Although Latin American countries do not have anywhere near the access to venture capital and angel investing as the US does, they have a rapidly growing technology industry.
Although there is activity in other countries in Latin America, Brazil will be the focus of this discussion as they have the largest and most mature venture capital industry in Latin America.
Mr. Bruno Peroni discussed the tech and venture capital environment in his home country of Brazil. Unfortunately the presenter from Venezuela was unable to attend. Luckily the insights provided by Mr. Peroni were enlightening.
Although it is the largest and most mature venture capital industry in Latin America, it is only valued at 360 million dollars. Although this is a large amount of money, it is dwarfed by the valuation of the Silicon Valley venture capital industry.
Brazil has the 7th largest world economy, but only the 74th largest GDP. Additionally around 30 of the worlds most dangerous cities are in Brazil.
They have been recovering from a deep recession, and their stock market hit an all time high this past February. Unfortunately Brazil has and does suffer from political corruption, and regularly has governmental scandals.
Brazilians average 3.8 hours a day on social media, which is quite high for a BRIC nation. They also have a huge consumer market group. Brazilian entrepreneurs and investors own Burger King, Kraft, and Budweiser. Reflecting that there is a hunger and great potential in this growing nation.
Two main risks act as limiting factors to growth in Brazil: crisis’s in Brazil tend to get worse before they get better, and their massive bureaucracy is very difficult to work with. Globally they are ranked as #123 in doing business.
Brazil is home to the WOW accelerator. It was one of the first and has been one of the most active accelerators in Brazil. Their portfolio includes 32 companies and 92 angel investors. 21212 is another one of the earliest Accelerators.
The five primary Latin Amirian tech and venture capitalism ecosystems are: Argentina with its strong business traditions and adherence to the mercado libre (free market); Brazil and its recovering ecosystem which is the strongest in the region; Chile whose international positioning is open and easy, although very small; Colombia whose government lacks support of venture capitalism; and Mexico with their strong ecosystem and cultural connection to Silicon Valley, as well as their proximity and connection to the United States.
Startups have taken shape in three distinct phases throughout recent Brazilian history. The first phase was called the bubble and occurred between1995 and 2005. Three companies helped lay the foundation for the emerging industries and were instrumental in creating culture of startups in Brazil.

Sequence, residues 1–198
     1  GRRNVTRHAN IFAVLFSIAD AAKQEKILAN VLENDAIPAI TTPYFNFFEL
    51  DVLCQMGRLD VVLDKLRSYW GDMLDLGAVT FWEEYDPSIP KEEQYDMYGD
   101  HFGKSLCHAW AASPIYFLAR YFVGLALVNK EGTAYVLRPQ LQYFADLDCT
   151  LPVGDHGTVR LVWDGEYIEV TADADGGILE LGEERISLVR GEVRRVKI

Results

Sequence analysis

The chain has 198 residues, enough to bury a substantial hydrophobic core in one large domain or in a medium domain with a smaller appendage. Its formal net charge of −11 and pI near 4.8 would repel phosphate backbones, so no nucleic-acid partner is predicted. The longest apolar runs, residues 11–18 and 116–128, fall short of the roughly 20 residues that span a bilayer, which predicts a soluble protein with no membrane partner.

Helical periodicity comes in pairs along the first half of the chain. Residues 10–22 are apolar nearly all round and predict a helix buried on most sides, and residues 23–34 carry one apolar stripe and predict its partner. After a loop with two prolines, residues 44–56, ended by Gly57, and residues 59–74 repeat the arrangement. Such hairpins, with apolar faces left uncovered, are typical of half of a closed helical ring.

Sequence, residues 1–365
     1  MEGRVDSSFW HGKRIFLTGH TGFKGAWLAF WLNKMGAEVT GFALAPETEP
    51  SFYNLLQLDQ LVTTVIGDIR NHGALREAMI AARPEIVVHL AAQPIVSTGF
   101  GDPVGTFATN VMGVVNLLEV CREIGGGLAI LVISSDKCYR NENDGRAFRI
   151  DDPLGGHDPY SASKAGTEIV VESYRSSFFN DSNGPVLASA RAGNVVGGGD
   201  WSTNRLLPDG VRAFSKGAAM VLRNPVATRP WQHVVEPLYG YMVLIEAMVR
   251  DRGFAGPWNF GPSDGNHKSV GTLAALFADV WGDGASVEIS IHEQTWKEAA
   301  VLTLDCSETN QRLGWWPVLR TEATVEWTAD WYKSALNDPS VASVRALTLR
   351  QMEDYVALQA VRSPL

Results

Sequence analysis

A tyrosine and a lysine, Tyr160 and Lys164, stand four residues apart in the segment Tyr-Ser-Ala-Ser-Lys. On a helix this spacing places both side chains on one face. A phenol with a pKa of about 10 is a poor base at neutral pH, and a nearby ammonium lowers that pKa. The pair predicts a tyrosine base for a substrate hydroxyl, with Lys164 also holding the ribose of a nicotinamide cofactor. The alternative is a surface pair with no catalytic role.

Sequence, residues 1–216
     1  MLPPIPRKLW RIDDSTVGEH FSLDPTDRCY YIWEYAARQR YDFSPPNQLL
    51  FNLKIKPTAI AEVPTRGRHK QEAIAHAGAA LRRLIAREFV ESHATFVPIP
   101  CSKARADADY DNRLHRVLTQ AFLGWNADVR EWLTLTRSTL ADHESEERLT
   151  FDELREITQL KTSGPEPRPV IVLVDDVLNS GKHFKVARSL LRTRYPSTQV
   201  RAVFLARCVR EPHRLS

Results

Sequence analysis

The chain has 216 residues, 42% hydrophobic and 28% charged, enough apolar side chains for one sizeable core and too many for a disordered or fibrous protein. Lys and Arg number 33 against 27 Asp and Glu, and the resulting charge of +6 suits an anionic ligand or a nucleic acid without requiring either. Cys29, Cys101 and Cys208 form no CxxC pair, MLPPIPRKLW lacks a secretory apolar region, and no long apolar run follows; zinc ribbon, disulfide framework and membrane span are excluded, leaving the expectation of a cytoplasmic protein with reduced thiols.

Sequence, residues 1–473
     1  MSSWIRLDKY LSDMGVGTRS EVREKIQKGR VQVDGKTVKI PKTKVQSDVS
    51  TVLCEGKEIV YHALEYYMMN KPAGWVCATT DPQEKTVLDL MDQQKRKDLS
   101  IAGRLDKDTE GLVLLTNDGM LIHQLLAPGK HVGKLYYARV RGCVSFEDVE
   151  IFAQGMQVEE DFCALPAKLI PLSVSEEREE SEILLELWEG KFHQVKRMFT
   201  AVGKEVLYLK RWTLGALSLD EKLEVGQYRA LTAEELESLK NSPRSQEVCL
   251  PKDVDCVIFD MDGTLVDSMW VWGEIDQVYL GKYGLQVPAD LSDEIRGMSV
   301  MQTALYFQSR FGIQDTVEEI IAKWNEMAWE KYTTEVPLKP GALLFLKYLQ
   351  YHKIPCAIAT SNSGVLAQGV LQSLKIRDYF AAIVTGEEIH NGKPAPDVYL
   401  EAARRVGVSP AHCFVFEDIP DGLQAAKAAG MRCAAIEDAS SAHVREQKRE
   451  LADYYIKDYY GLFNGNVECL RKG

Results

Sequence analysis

Examples of startups from this phase are: Terra, an internet provider acquired by Telefonica; Buscape- price comparison application acquired by Naspers; and Movile-Moble Solutions who are controlled by Naspers.
The second phase is affectionately referred to as the dawn. It occurred between 2005 and 2015. This phase was characterized by Government support of Tech and Venture Capitalism industries and the effect of success stories from the first phase on the advancement of the second.
Governmental support consisted of incentives that fostered startups and strong government support of SEBRAE (and its 1 billion dollar funding intended to foster small company growth). Much of this was allocated to foster startups rather than small businesses.
These involved accelerator subsidies which have since dissolved because of the financial and economic crisis, venture capital subsidies funded through state owned corporations’ pension funds and government agencies and the largest Limited Partnerships. The network effect was a phenomenon where the tech and venture capitalism industries saw a boom due to excitement and confidence based on successes in phase one.
The third phase is currently underway and appears to be continuing the previous pattern of growth in the venture capital and tech industries. The growth and success of these industries in Brazil is yet to be seen as the country is still grappling with recent recession, however the third phase has the potential to advance Brazil in the worlds tech and venture capitalism markets.
If policy and innovation similar to the first two phases continues, then the third phase could be incredibly successful. Unfortunately, Brazil’s venture capitalism industry has few exit options and early mergers and acquisition are the norm.
Brazil is an island in Latin America, as it has a relatively closed economy and has difficulty establishing connections with neighboring countries. Bridging the gaps and addressing the issues in their venture capitalism industry are crucial for its continual advancement. Seed and growth funding is desperately needed.
Focus on relevant verticals, such as Agribusiness, Fintech, and Education represent the greatest opportunities in Latin America and Brazil. Mr. Peroni recommended to “buy now and buy cheap in Brazil”. The same holds true for Argentina and Colombia.